A mystical Sheepsquatch looms in a moonlit, misty forest / AI Generated

I grew up in Gallipolis, across the Ohio River from Point Pleasant. In high school I found an old scrapbook of my mother’s with several dozen clippings on the Mothman: I was fascinated that something “neat” had happened so close to the sleepy little town I loved, and I was hooked. I had to know more! It didn’t take long for me to find “The Mothman Prophecies” and read it cover to cover.

I lost interest somewhat when I began to date and do the things high school kids do. However, when I returned from a seven-year tour in the United States Navy I rediscovered my interest in the Mothman. I decided that I would use the skills the Navy had taught me to try and disprove the Mothman stories. My logic being that if I tried, seriously and diligently, to disprove the stories, and failed, then I would have strengthened their credibility.

My new hobby took me into the woods and “hollers” around the TNT area and to the homes of what witnesses who were alive and willing to talk about what they’d seen. While I found a great many points of interest in my investigation among them some interesting questions focusing on an Active Naval base in Point Pleasant which seems to have no official purpose or staff. I was not prepared for what I encountered along a creek bank north of Bethel Church Road.

I was walking the creek bank trying to run down some tips provided to me by an acquaintance at a UFO investigation group who I considered a marginal flake, but which seemed to have some credibility in the form of “what are these guys really up to” venue.

As I walked the creek I heard something large break through the brush ahead of me and I froze. Logic told me that it was at worse a large dog or even a stray cow, as it is very little in the way of predators in Mason county. Still, I’ve been a hunter since my teenage years and I knew well that the WV DNR had been actively repopulating absent native species: it was wholly possible that I was about to become face to face with something which might consider my lunch.

What I saw emerge from the brush was a large brownish-white creature. It’s fur looked dirty and matted as if the animal did very little in the line of self-grooming. I can’t be sure if I was looking at a dirty white animal or a brownish animal with a white undercoat. It was late in the fall so it makes sense that it might be putting on a winter coat. The creature moved on all fours as it breached the brush line and knelt to drink from the creek. It’s front limbs, the only limbs I saw clearly, ended in what was markedly paw-like “hands”. Its head was long and pointed, like a canine, and it had largish horns; not antlers but single point horns.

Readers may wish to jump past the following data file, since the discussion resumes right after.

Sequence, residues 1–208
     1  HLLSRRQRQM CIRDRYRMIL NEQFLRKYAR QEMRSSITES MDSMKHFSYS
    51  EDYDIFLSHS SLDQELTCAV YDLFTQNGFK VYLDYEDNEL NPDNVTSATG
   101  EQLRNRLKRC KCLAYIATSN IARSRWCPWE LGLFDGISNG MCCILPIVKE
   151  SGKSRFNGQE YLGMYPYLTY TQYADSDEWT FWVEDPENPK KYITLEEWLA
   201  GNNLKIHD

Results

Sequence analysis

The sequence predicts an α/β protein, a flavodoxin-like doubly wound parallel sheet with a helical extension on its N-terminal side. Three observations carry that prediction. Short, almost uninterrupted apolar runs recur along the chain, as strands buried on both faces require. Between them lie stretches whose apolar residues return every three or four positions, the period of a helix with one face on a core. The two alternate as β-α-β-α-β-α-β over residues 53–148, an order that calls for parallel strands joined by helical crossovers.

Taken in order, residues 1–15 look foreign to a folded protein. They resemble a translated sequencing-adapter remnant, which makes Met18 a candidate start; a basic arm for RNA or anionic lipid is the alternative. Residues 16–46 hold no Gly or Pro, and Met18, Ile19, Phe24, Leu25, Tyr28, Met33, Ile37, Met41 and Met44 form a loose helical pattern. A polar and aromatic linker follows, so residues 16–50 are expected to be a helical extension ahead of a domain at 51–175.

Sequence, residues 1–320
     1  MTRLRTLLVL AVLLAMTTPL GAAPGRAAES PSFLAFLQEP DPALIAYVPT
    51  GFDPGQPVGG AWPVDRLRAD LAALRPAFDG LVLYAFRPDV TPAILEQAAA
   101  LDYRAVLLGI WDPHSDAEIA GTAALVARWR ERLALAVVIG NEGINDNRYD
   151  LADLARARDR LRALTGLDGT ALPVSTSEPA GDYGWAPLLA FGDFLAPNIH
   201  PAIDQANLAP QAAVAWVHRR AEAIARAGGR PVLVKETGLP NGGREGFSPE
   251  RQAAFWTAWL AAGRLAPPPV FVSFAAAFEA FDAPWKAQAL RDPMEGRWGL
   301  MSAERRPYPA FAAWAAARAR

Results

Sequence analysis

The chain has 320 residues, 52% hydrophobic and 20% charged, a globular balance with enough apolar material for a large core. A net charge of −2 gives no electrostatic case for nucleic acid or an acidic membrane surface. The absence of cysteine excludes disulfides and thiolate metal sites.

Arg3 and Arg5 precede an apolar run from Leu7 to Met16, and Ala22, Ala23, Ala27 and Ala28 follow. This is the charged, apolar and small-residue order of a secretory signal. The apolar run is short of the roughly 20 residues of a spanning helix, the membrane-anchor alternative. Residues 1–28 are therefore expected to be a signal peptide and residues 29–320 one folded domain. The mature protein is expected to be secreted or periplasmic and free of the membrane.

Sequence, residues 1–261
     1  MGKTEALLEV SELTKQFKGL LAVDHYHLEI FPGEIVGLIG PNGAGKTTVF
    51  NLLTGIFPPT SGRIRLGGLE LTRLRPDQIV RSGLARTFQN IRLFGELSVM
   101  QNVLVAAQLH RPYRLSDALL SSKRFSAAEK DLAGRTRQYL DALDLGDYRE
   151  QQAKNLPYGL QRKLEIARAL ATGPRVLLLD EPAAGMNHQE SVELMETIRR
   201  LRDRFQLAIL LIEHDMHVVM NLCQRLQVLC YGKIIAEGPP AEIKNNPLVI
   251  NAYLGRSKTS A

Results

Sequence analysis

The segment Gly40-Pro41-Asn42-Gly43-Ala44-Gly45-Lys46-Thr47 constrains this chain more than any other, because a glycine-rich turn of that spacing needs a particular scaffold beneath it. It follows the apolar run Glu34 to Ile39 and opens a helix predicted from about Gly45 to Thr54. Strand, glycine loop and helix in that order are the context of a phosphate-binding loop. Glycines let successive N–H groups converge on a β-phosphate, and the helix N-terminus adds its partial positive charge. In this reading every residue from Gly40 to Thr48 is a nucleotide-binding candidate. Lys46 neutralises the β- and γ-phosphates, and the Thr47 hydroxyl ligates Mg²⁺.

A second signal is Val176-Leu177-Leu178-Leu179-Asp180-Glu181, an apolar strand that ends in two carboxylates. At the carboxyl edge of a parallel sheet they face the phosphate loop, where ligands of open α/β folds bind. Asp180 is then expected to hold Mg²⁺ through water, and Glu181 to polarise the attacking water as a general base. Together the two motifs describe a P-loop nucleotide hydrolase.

I shrunk back into the brush and watched, afraid to stay and afraid to run. It drank for a few minutes, then cross the creek and continued on across toward Sandhill Road. When I was sure it was gone, I turned and ran as fast as I could back toward the pond where I’d parked.

The one thing that sticks out in my mind about this encounter most clearly is the way it smelled. It smelled like sulfur. Now, don’t think I’m screaming fire and brimstone here, I’m not. One of the biggest problems with the TNT area is the pollution from the manufacturing activities that went on there. The worst of this is the Red Water runoff generated by the production of gunpowder. The area was a navy ammunition plant at one time and made gunpowder. Red Water, the cause to this date of the brownish-red foam seen in many of the run-off ponds, has a sulfur content that should concern anyone exposed to it. It makes sense that anything living in this area should absorb some measure of that scent if they are drinking from these water sources.

Sheepsquatch: a long-haired, apparently carnivorous quadruped reported roaming the hills of western West Virginia for several generations. The creature, and perhaps others like it, was first documented by folklorist Ruth Ann Musick in her book “The Telltale Lilac Bush,” published in 1965. That account originates in Kanawha County, possibly in the eastern end of its range, which appears to be among the low hills and ridges of the lower Kanawha River region. Many more recent sightings appear to have originated in Boone, Putnam, and Mason counties. Sightings surged in Boone County in the mid-1990s. The creature was first described as being about the size of a bear though with white, wool-like fur and saber-like teeth. It has also been described as possessing a long snout, similar to a dog, and with horns like that of a goat. Its forelimbs end in paw-like hands, according to some sources — similar to those of a raccoon but larger, while its tail is long and hairless like that of an opossum.

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